There is an ongoing debate regarding the impact of phenylketonuria (PKU) and its treatment on growth. To date, evidence from studies is inconsistent, and data on the whole developmental period is limited. The primary aim of this systematic review was to investigate the effects of a phenylalanine (Phe)-restricted diet on long-term growth in patients with PKU. Four electronic databases were searched for articles published until September 2018. A total of 887 results were found, but only 13 articles met eligibility criteria. Only three studies had an adequate methodology for meta-analysis. Although the results indicate normal growth at birth and during infancy, children with PKU were significantly shorter and had lower weight for age than reference populations during the first four years of life. Impaired linear growth was observed until the end of adolescence in PKU. In contrast, growth impairment was not reported in patients with mild hyperphenylalaninemia, not requiring dietary restriction. Current evidence indicates that even with advances in dietary treatments, "optimal" growth outcomes are not attained in PKU. The majority of studies include children born before 1990s, so further research is needed to show the effects of recent dietary practices on growth in PKU.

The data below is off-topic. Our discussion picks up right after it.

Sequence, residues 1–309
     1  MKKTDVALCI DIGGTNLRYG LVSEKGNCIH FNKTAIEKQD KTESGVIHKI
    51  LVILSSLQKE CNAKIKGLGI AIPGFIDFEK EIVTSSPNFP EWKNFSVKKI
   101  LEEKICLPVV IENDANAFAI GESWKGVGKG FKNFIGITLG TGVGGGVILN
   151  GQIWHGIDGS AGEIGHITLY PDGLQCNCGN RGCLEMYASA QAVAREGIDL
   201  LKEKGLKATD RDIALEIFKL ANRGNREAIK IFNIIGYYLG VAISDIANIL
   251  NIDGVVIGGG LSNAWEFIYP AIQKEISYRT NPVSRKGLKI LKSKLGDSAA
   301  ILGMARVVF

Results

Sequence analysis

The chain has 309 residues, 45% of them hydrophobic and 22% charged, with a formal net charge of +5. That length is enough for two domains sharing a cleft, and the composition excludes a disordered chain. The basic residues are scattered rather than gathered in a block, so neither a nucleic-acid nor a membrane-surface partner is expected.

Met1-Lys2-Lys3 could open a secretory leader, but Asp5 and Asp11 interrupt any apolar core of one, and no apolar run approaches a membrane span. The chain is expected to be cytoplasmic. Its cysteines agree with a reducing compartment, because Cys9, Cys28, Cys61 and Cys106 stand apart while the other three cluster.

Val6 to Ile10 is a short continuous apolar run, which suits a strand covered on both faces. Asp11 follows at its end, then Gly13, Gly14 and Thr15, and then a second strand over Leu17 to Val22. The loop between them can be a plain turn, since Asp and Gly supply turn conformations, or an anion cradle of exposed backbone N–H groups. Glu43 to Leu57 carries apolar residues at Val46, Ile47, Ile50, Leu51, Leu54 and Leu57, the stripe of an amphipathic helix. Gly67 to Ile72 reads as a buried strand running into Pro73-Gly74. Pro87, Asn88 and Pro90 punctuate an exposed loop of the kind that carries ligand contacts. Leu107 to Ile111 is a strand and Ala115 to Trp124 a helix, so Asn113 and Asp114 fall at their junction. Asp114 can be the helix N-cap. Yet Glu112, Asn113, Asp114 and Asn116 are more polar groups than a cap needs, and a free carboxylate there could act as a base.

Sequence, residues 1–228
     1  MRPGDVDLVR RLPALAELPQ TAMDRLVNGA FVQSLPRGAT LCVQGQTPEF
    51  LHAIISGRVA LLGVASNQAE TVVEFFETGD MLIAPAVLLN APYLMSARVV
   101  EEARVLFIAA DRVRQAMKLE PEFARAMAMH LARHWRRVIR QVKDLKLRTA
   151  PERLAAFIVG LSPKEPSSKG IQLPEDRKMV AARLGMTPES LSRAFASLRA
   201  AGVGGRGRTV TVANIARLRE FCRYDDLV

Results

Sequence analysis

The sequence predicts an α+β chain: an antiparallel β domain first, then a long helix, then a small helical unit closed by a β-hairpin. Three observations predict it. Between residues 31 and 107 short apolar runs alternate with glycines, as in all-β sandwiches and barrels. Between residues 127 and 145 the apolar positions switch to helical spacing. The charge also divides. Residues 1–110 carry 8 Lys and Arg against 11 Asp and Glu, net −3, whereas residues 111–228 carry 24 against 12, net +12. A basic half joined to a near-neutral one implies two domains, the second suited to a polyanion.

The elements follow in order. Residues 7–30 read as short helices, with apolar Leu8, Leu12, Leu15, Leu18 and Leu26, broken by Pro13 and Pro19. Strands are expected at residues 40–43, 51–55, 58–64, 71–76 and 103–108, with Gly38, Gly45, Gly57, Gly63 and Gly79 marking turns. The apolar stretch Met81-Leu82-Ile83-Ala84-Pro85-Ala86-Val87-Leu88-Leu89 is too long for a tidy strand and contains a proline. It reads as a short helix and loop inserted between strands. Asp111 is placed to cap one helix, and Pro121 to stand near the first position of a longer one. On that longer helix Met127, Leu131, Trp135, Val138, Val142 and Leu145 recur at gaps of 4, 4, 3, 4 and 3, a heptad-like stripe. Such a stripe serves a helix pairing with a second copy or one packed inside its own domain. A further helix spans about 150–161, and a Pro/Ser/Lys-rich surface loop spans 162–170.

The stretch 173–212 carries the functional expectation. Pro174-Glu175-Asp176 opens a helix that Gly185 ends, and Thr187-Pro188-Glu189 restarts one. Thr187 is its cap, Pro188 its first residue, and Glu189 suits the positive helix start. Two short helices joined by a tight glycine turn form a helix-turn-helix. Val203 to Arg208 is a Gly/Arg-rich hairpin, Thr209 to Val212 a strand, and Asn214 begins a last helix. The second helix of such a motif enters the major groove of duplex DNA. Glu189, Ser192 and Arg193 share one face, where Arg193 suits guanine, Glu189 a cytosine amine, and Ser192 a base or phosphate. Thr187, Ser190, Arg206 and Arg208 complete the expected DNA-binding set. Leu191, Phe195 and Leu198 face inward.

Keywords: anthropometrics; growth; height; hyperphenylalaninemia; phenylketonuria; weight; z-scores.